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Commandments Case In Florida County Is Dismissed

 

A six-year battle in federal court over the fate of a Ten Commandments monument at a Florida courthouse has come to an end.

 Senior U.S. District Judge Maurice M. Paul granted a motion by the American Civil Liberties Union to voluntarily dismiss the ACLU of Florida v. Dixie County case because its plaintiff was no longer planning to move to Dixie County. Thus the plaintiff had no legal standing to challenge the six-ton granite monument, the Ocala Star-Banner reported.

AU Chapters Oppose Florida Anti-Islam Bill

 

Americans United chapters in Florida have asked lawmakers to reject legislation intended to marginalize Muslims.

SB 58 appears on paper to merely forbid Florida’s courts from enforcing foreign laws. In reality, however, critics say it is an attempt to validate claims that Americans are in danger of falling under the domination of Islamic shariah law.

Stormy Weather: Why Is Pat Robertson Refusing To Use His Hurricane-Deflecting Powers To Help His Friends In The GOP?

The Republican Party is meeting in Tampa this week to formally nominate Mitt Romney as its presidential candidate. The convention was supposed to get under way today, but there’s a big problem: Tropical Storm Isaac. Florida officials have declared a state of emergency as the storm, which is expected to be a Category 2 hurricane by the time it makes landfall, bears down on the Gulf Coast.

This had led several people to ask: Why is Pat Robertson sitting on his hands?

Schools For Scandal: Fla. Voucher Program Proves A Boon To Con Artists

It’s an article of faith among school voucher proponents that if we move toward a privatized system of education, competition will spur the creation of excellent schools.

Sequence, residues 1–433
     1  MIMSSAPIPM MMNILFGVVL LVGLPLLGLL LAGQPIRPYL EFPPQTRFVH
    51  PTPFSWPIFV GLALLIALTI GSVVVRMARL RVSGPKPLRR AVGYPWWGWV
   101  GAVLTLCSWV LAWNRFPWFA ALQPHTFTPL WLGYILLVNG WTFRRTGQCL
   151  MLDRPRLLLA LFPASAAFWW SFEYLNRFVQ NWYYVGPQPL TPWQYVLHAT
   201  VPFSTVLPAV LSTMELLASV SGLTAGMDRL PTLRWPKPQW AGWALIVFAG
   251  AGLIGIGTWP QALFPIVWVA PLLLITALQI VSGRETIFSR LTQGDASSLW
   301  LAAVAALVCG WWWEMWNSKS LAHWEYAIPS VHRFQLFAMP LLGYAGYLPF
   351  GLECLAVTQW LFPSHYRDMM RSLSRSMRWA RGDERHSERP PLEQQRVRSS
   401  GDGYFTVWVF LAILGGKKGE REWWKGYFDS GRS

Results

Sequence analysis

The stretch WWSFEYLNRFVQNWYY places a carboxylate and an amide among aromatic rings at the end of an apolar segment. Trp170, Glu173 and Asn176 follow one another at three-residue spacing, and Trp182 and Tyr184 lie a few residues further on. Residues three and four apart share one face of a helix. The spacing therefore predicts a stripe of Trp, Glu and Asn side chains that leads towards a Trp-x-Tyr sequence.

That’s the theory. How does it work out in real life?

Not so well. In Florida, which has been using students with physical and learning disabilities as subjects in a privatization experiment, parents are learning the hard way that many private schools don’t really care about educating children. Their owners are just interested in making a fast buck.

Florida Folly: Constitutional Change Would Harm Religious Liberty, Clergy Say

Americans United often points out the church-state separation is not only good for government, it’s also good for religion.

Yesterday, three members of the clergy – a Baptist minister, a Presbyterian minister and a rabbi – made that clear in a letter to Florida legislators. They wrote to oppose SJR 1218, a measure that tears down the church-state wall erected by the state constitution.

Saving Souls Though School Supplies?: Fla. Church-School ‘Partnership’ Becomes Opportunity For Evangelism

Public school principal Steve Comparato in Polk County, Fla., said his prayers were answered when a local church agreed to “adopt” his school and pay for $5,000 worth of supplies.

“If they want to come in and help, who am I to say no?” he told the Wall Street Journal, which today details a new trend in public schools that could become a serious church-state concern.

Florida Flim-Flam: ‘Inspirational Message’ Bill Is Attack On Church-State Separation

Ten years ago, the Santa Fe (Texas) Independent School District was just another American town that loved its high school football team. On Friday evenings, students congregated in metal bleachers to cheer for their friends, parents attended with camcorders and warm coffee in gloved hands, and full recaps of exciting games were printed in the local papers.

Faith-Based Victory: Florida Court Greenlights Case Challenging Religion Subsidies

A Florida appellate court ruled yesterday that public funding of a "faith-based" prison program may violate the state's constitution.

The decision, Council for Secular Humanism, Inc. v. McNeil, serves as an important win for taxpayers who don't want to be forced to support religion.

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